In the interest of providing the best patient care and leadership by its nurse corps officers, the U.S. Army, U.S. Navy and U.S. Air Force all
require the baccalaureate degree to practice as an active duty Registered Nurse. Commissioned officers within the U.S. Public Health Service must also be baccalaureate-prepared. To fulfill our shared goal to prepare a robust nursing workforce, the undersigned organizations acknowledge our full support of academic progression for nursing students and graduates. Community college presidents, boards, and program administrators are aligned with the nation’s nursing association leaders in the belief that every nursing student and nurse deserves the opportunity to pursue academic career growth and development.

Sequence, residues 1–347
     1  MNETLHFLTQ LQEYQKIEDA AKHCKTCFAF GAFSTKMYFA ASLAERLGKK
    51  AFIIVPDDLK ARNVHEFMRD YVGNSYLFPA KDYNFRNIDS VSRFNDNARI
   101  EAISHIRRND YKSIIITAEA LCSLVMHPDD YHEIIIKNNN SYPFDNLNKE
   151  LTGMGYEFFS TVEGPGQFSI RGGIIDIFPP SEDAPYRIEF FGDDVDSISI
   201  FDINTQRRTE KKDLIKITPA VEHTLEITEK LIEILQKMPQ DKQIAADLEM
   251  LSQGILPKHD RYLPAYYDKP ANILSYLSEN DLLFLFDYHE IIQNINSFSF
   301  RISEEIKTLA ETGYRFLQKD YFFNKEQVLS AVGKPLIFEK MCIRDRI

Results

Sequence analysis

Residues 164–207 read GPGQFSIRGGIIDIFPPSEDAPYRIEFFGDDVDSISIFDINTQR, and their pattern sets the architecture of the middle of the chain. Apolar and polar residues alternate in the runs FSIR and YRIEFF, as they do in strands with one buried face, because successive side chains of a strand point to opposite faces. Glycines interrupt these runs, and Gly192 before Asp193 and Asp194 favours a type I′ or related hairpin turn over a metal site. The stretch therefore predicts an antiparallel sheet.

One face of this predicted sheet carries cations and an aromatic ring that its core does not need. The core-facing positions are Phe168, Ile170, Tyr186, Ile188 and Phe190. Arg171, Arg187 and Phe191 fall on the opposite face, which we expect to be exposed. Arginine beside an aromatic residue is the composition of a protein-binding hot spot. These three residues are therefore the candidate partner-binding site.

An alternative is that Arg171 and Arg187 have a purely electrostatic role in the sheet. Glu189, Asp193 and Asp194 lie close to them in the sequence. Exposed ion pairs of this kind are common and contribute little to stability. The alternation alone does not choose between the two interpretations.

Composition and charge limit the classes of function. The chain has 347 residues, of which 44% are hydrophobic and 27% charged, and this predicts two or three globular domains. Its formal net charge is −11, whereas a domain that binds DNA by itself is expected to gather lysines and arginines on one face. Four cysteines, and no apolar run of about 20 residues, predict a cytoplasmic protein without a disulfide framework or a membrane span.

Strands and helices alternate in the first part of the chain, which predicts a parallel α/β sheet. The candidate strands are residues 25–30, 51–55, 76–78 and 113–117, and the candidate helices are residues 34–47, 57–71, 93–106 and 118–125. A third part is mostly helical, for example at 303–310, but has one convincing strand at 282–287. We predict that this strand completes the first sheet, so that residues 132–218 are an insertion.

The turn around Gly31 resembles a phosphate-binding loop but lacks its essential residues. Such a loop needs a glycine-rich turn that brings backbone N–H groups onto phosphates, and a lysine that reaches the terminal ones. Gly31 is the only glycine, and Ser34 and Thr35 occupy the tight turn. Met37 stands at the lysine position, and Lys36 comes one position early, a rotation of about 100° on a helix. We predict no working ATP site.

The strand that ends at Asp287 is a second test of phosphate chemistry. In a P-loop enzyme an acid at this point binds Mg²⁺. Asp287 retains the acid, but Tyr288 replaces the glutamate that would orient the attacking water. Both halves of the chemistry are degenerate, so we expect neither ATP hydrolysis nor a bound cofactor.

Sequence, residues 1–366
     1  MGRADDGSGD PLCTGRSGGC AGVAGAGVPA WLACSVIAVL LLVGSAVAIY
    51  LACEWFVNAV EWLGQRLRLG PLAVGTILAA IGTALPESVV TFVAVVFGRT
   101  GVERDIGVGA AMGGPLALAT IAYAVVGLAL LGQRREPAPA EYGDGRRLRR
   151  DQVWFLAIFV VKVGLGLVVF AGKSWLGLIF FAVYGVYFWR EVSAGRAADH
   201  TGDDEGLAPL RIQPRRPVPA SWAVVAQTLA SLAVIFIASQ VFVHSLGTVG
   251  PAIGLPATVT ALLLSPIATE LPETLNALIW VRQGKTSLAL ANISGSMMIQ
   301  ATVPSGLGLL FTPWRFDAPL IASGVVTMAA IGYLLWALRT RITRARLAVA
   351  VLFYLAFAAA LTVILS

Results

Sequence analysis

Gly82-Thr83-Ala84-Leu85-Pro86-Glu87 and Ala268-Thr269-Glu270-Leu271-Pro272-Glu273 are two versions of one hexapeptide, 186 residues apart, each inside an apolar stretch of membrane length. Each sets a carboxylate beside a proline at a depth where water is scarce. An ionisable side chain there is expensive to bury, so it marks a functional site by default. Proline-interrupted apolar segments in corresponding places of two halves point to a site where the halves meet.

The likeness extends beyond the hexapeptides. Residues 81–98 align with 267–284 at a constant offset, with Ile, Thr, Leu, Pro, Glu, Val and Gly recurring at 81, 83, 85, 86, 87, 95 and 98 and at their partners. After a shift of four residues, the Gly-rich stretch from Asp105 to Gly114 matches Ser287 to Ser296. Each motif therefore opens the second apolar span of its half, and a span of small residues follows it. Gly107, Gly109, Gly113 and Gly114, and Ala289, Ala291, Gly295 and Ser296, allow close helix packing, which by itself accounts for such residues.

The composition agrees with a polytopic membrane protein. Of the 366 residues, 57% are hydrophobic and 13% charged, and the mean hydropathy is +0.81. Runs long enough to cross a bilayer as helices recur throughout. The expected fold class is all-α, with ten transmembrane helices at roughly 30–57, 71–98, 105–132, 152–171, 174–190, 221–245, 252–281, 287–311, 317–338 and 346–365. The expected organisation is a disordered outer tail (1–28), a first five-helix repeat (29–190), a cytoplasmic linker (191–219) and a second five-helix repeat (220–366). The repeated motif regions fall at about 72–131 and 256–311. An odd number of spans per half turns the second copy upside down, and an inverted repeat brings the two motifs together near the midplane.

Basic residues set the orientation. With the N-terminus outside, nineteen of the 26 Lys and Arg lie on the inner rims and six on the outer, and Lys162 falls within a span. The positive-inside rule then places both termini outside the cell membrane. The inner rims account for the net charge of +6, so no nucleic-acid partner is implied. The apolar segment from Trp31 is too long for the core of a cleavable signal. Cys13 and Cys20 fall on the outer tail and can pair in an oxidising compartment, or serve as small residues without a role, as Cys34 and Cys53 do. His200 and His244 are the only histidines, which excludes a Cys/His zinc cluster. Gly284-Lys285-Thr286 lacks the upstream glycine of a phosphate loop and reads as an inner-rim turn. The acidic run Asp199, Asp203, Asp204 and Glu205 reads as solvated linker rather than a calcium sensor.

It is through the collaboration and partnering of our various organizations that we can facilitate and inspire the seamless academic progression of nursing students and nurses. Our common goal is a well educated, diverse nursing workforce to advance the nation’s health. The shift is gradual but unmistakable; the Veterans Administration and other institutions are requiring that registered nurses possess a BSN degree (at minimum). Although the debate has continued for decades, the nursing community finally seems to be reaching a consensus. The student who aspires to become a nurse should anticipate a nursing education that culminates with at least a bachelor’s degree. According to studies, controversy notwithstanding, the patient who receives care from a registered nurse with a BSN is the safer patient.